A People’s History of LGBTI Olympians
Despite the long history of lgbti athletes in the Olympic Games, only now, in the run-up to Sochi, has their right to compete as proudly and publicly out been at the forefront of the Olympic conversation. For that, we can thank the Russian government, whose vicious attacks on gay people have steered the 2014 Winter Olympics on a collision course with the LGBTI community and the movement for gay liberation.
Social justice campaigns have affected the Olympics for decades. Examples include the push for gender equality, which started at the Olympics a century ago, during the women’s suffrage movement. John Carlos and Tommie Smith used the medal podium at the 1968 Mexico City Games to raise their black-gloved fists in protest against racism in the United States, and South Africa was banned from the Games for decades because of its apartheid policies.
Whether or not the Russian government wants to acknowledge it, there will be LGBTI athletes at Sochi, including Australian snowboarder Belle Brockhoff, Dutch speed skater Ireen Wüst and Canadian speed skater Anastasia Bucsis. There will also be LGBTI dignitaries; President Obama appointed three—Billie Jean King, Brian Boitano and Caitlin Cahow—to represent the United States. The mayor of Vancouver, the last city to host the Winter Games, is conspicuously staying home, opting to send a gay man in his place.
These are just the latest additions to the rich LGBTI history of the Olympics. According to the LGBTI Olympic historian Tony Scupham-Bilton, at least 170 LGBTI athletes have competed as Olympians, dating back to at least 1928. That’s when a young German runner named Otto Peltzer took the track for Germany.
“Otto the Strange,” as he was known, was one of the athletic glories of the Weimar Republic, setting both national and world middle-distance track records in the 1920s. Despite his success, he failed to medal in either the ‘28 or ‘32 Games. With his eyes set on winning the gold in front of the home crowd at the 1936 Berlin Games, Peltzer joined the Nazi Party in 1933, the same year it seized power. The problem: while anti-gay laws had been on the books in Germany for sixty years, no government had enforced them as harshly as the Nazis. So, even though he was the heart of the nation’s sports pride and now a member of the Nazi Party, Peltzer was arrested and convicted on charges that he fornicated with young runners. He walked out of jail after eighteen months, just days before the Berlin Games, his hopes to compete dashed. Peltzer spent much of World War II in concentration camps, forced to wear a pink triangle on his uniform.
While Peltzer was kept from competing for his country on its own soil, the swastika flags of the Berlin Games provided the backdrop for the beginning of a controversy that, eighty years later, is still not settled.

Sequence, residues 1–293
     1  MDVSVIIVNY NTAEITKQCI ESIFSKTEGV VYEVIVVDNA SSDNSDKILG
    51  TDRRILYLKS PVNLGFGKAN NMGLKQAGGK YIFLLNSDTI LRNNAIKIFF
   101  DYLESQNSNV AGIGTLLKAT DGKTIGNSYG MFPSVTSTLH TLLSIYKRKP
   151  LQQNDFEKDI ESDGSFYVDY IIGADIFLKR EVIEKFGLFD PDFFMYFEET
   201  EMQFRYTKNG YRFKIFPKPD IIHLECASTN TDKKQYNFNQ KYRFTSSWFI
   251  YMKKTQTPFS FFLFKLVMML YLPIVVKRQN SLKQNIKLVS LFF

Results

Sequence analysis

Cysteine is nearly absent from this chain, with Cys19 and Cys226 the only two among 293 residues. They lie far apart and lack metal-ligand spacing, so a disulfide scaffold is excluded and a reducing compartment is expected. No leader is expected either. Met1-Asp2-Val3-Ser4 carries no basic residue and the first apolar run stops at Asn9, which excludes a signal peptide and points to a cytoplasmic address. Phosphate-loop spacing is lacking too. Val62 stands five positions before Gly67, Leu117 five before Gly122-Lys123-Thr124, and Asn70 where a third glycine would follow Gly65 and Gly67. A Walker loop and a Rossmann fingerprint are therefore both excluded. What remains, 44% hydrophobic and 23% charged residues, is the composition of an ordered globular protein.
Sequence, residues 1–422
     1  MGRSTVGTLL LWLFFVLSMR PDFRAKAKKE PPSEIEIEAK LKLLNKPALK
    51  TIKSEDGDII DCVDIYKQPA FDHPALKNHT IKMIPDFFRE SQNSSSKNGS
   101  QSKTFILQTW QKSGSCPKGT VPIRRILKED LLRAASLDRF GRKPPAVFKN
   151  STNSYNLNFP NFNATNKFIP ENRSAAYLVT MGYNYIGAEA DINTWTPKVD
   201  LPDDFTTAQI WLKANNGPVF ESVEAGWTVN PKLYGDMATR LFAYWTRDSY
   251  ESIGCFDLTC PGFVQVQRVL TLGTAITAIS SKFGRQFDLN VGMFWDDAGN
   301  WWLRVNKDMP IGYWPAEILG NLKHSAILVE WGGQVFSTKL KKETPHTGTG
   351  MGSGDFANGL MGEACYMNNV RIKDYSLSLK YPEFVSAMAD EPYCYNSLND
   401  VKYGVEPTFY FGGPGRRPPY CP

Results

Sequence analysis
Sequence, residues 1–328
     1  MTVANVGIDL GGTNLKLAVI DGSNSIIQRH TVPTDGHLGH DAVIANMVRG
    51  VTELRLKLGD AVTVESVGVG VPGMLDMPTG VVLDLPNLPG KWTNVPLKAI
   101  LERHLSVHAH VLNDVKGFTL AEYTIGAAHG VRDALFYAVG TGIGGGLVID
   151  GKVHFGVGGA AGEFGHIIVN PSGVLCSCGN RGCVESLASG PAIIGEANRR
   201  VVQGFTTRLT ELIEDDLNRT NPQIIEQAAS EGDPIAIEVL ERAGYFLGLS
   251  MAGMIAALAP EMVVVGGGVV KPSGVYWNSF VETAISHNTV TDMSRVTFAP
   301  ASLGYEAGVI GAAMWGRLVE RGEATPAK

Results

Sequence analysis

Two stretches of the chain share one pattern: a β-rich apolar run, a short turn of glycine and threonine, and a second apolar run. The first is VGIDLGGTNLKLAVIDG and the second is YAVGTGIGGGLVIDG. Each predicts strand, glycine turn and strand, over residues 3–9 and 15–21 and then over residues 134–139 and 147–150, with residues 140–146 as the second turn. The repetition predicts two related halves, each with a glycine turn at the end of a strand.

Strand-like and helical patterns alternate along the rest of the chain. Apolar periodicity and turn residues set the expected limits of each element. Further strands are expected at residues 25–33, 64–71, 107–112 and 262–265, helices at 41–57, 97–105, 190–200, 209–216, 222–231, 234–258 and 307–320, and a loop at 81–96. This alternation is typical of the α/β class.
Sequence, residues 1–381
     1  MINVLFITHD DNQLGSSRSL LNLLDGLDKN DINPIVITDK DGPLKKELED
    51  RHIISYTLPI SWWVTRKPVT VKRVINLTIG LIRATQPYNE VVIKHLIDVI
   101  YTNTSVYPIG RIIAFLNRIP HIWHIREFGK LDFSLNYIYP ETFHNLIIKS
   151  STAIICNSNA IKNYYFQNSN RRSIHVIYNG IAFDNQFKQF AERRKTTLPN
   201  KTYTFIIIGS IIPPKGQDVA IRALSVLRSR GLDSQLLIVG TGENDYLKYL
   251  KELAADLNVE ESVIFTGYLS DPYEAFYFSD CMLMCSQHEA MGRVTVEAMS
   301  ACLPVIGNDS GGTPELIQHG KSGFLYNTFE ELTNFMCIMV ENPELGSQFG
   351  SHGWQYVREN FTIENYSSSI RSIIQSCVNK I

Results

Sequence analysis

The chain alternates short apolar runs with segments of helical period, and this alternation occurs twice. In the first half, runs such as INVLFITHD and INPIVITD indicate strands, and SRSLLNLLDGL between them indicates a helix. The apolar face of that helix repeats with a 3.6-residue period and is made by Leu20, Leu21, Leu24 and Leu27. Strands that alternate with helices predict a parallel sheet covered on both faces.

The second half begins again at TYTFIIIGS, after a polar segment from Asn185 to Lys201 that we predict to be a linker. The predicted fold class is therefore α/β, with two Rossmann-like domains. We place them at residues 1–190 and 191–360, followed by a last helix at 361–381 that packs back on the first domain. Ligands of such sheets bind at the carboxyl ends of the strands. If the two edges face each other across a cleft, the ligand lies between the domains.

Stella Walsh was one of the greatest female athletes of her time. The Ohioan won two Olympic medals, including gold in the 100-meter dash in 1932 for her native Poland. She was the favorite to defend her title in 1936 until the sudden arrival on the scene of 18-year-old wunderkind Helen Stephens, a girl from a small farm in Missouri. Stephens beat Walsh in Berlin, quickly drawing accusations from Walsh and the Poles that she was a man posing as a woman.
Gender testing has never been an exact science, and only recently has gender itself come to be regarded as inexact. For decades, athletes accused of competing as the “wrong” gender have been forced to undergo invasive physical examinations. Stephens suffered such an ordeal, was deemed a woman, and the controversy died down.
Yet it was Walsh herself whose gender was out of the ordinary. After she was killed on the streets of Cleveland in 1980 (she was an innocent bystander in a robbery), an autopsy revealed that she had sex organs of both genders: a tiny penis and testicles and an opening below her scrotum.
Walsh wasn’t the only gender-bending Olympian in Berlin. Dora Ratjen was Nazi Germany’s best hope in the high jump. She too was born with confusing genitalia that didn’t fit the binary construct of gender. Despite her athletic success (she finished fourth in the high jump in Berlin ‘36, but went on to set a world record in 1938), she was arrested by the Nazis after she was accused of being a transvestite. She was exonerated when doctors, also confused by her genitalia, deemed her innocent of intentional fraud.
These incidents coincided with demands for gender-verification tests by US Olympic Committee president Avery Brundage, which however led to nothing formal till the 1960s, when the IOC instituted formalized testing. Early casualties included Austrian downhill skier Erika Schinegger, who was determined to have internal male sex organs, and Polish track and field athlete Ewa Kłobukowska, who had a chromosomal condition known as mosaicism.
Over the past sixty years, the IOC has struggled to find the most appropriate gender test. Stuck in sports’ binary competition structure, athletes born with an extra sex chromosome or genitalia of both genders are left in limbo.
“Stella Walsh lived as a woman her whole life,” said filmmaker Rob Lucas, currently producing a documentary about her. “Her family thought she was a woman; she thought she was a woman. And there was no point in her life in which she lived as a man. Socially, psychologically and competitively, she lived as a woman. Based on the autopsy, it was still ambiguous. She did have a tiny penis and testicles, but did she have an unfair advantage?”
It’s hard to make such a case; after all, Walsh was beaten by a woman. And if having testicles so small that Walsh thought she was female is an “unfair” advantage, then why aren’t the height and mass of athletes like basketball star Shaquille O’Neal also considered unfair?